Denmans Gardens is at Fontwell, West Sussex just off the A27. It’s got a fantastic reputation (as well as a great little café – Midpines) and is well worth a pitstop. It feels like a bit of a lost wonderland, and I had been following their compelling social media posts for sometime before I managed a visit.
Joining the dots and a bit of background
One of the joys of my romps around Sussex is discovering the many ways the different parts and people of our county are connected. The name Denman always rings a faint bell in my head because the first Baron Denman was a lawyer and judge, and was Lord Chief Justice from 1832 to 1850. Memories from my long-ago legal career and having to read (and understand) his judgments.
The third baron (the first baron’s great-grandnephew) was a politician who served as the fifth Governor-General of Australia from 1911 to 1914. He was also one time owner of Denmans Gardens although they were sold by him in 1903. That same year he married Gertrude (née Pearson) from Balcombe Place, near Haywards Heath. Her father was Weetman Pearson, 1st Viscount Cowdray (yes the Midhurst Cowdray). Gertrude was a lady of progressive ideas about women’s place and roles within society. I think I would have liked her but I wish I could have seen the estate way back when and before it was first sold.
A bit about the gardens
The garden and its manor house were requisitioned during World War II. Thereafter, sadly the house was sold and the gardens turned into a market garden serving Covent Garden and other local markets. Between 1947 and 1985, the then-owner, Joyce Robinson, began developing Denmans into an ornamental garden creating gravel gardens, and planting unusual and interesting plants in the Walled Garden. Joyce was an accomplished, self-taught plantswoman and horticulturalist. In the early 1980s, the garden came under the management of John Brookes, an internationally-renowned landscape designer (he was also a writer and teacher), who continued working at the garden until his death in 2018. Brookes discovered Denmans through the NGS open gardens scheme. He also renovated the old stable block which he named Clock House, and started his own Clock House School of Design.
In 2017, Gwendolyn van Paasschen purchased the garden, setting up the John Brookes-Denmans Foundation and beginning restoration work which is ongoing. Denmans was added to Historic England’s Register of Parks and Gardens of Special Historic Interest at grade II in August 2020. The garden won Gold in the 2021 South and Southeast East in Bloom Competition, and was named a Finalist in the RHS Partner Garden of the Year 2021 competition.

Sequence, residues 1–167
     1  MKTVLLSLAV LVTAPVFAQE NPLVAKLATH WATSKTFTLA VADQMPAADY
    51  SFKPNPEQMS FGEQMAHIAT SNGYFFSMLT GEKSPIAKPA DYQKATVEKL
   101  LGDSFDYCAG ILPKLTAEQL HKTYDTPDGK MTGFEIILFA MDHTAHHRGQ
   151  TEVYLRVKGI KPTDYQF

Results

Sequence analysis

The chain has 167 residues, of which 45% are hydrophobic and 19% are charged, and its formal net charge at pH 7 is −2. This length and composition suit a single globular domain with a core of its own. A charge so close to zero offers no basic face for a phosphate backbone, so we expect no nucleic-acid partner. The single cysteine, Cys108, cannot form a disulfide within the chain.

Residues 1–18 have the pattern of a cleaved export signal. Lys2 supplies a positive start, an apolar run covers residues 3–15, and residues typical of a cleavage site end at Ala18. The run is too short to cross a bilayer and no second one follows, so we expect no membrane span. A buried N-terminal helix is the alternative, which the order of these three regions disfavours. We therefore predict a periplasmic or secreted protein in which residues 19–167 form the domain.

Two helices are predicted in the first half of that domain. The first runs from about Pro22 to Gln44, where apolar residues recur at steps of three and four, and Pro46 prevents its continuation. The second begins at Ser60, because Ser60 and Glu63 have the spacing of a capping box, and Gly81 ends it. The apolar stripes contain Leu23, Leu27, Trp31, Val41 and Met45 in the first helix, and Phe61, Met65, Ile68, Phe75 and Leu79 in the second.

What to expect
The gardens are spread over 4 acres garden with unusual plants, ponds, a walled garden, and a conservatory. There are also blue timber benches and sculptures to spot and a notable sense of calm and tranquillity along with the many gravel gardens. Joyce Robinson pioneered abundant, naturalistic planting and gravel gardening, and she described her style and garden as ‘glorious disarray’. The sort of style that looks utterly effortless but you know takes hours of hard work to achieve.
As you move from one area to another, it almost feels like you’re moving from one country to another. It feels both quintessentially English but also exotic at the same time. There’s an abundance of wildlife and the dragonflies at the lower pond are mesmerising. Back towards the cottage, and you want to pull up a chair and chat with those from times bygone, or read a book in the greenhouse while you shelter from the rain.
Whether you’re exploring this part of the south coast, or looking for either gardening inspiration or a moment of calm, Denmans is worth a deviation and an hour or so of your time. The garden is open Monday to Saturday 9.30 am – 4 pm and Sunday 11 am – 4 pm. Admission is £9 per adult and £7 for children and concessions (60+).
If you like this post about Denmans Gardens, you may also like: